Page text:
|Arroz a la Mexicana
Sopa de arroz
|Place of origin
|White rice, tomatoes, garlic, onions, broth
Mexican rice (sometimes referred to as Spanish rice or red rice in Tex–Mex cuisine), also known as arroz a la mexicana, arroz mexicano, sopa de arroz, or arroz rojo in Spanish, is a Mexican side dish made from white rice, tomato, garlic, onion, and perhaps other ingredients. Mexican rice is almost always eaten as a complement to other dishes such as mole, refried beans, rotisserie chicken, carne asada, picadillo, tacos, fried fish, fried chicken, chiles rellenos, or vegetable soup.
Mexican-style rice is especially popular in central and northern Mexico and the southwestern United States. It is eaten year-round and is one of the most common preparations in Mexican cuisine.
Mexican rice is prepared by rinsing and briefly soaking medium grained white rice and then toasting the rice in a heavy saucepan with fat, such as lard or cooking oil. After the grains of rice start to turn golden and translucent, tomato, onion, and garlic are all blended in either chicken broth, vegetable stock or a solution of water and chicken soup flavoring to make a sauce which is added to the toasted rice grains, where the mixture is brought to a simmer and briefly stirred and covered for 15–20 minutes, until the rice absorbs all of the liquid and becomes soft.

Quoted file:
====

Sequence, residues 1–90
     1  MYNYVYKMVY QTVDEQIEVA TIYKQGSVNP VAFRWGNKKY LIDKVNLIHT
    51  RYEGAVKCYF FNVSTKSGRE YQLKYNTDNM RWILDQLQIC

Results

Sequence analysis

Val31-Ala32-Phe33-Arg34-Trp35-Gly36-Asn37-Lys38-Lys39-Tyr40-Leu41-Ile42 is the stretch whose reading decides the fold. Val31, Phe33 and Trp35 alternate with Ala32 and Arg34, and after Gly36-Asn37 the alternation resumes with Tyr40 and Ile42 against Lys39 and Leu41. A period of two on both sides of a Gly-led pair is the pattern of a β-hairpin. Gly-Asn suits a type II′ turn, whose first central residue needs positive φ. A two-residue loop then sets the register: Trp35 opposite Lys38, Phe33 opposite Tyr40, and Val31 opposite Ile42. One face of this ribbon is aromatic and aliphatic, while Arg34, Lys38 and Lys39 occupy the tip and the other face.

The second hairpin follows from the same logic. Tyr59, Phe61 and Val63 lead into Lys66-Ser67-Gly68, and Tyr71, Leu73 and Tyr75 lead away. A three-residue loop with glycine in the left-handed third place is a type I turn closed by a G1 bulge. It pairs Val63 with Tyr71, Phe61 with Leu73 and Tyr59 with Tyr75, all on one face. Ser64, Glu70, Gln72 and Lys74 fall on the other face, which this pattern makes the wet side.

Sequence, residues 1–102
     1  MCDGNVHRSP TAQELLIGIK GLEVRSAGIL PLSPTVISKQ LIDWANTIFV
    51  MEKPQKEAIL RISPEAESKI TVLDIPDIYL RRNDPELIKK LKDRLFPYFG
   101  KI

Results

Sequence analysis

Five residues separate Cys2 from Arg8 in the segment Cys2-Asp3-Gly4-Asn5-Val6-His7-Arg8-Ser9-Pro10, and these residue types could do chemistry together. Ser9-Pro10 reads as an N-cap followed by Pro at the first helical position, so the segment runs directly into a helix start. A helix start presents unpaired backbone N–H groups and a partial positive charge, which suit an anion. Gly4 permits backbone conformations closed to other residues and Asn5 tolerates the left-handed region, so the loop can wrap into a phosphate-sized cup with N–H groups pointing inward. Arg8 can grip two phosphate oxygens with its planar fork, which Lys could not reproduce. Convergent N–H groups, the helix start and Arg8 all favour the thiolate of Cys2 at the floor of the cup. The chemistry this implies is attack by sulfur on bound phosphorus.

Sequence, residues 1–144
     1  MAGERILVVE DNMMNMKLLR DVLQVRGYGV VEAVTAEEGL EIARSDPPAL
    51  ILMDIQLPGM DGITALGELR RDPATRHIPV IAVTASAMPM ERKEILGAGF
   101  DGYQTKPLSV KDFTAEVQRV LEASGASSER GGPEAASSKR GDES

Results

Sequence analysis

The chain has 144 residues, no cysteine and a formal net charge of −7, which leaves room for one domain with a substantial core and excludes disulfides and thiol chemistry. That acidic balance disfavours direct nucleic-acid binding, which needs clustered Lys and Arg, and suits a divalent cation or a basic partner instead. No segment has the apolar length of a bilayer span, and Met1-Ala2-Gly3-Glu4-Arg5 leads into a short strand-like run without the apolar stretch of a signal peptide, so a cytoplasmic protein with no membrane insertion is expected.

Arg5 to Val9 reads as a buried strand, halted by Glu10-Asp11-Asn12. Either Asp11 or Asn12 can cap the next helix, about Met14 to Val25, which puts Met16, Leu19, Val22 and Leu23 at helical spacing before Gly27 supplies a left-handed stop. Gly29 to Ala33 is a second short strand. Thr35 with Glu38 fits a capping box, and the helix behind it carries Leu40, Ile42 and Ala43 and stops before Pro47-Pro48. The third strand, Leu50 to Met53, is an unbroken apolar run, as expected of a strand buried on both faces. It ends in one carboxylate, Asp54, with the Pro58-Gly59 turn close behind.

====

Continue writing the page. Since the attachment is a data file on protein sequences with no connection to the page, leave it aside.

If the Mexican rice includes chopped vegetables such as carrot, corn, or pea, the vegetables are usually added while the rice is being toasted in the oil, before adding tomato sauce or broth, to get them soft and cooked well, and they can be seasoned with salt, finely chopped coriander, and/or ground cumin. In terms of spices and herbs, parsley can be added to give it a little color but it does not change the flavor much and cilantro adds a unique flavor and can be substituted for parsley or added as a complementary fresh herb. Cumin, oregano, cayenne, and chili powder can be added to the tomato sauce blend to give it a unique flavor.
The dish is most commonly referred to as arroz rojo in Mexico (and the direct translation "red rice" is sometimes used in English).
The term "Spanish rice" is sometimes used in the context of Tex-Mex cuisine, but is not used by Mexicans or Spaniards since this recipe is not part of Spanish cuisine, although it can be considered a simplified version of Spain's paella valenciana (with tomato rather than saffron, turmeric, or calendula, and thus having a red rather than yellow color). It has been theorized that the name "Spanish rice" was given because Mexicans speak Spanish and make this rice dish, thus causing the language of the country to be incorporated into the name.
Other names associated with this dish are "arroz mexicano" (Mexican rice) and "arroz a la mexicana" (Mexican-style rice).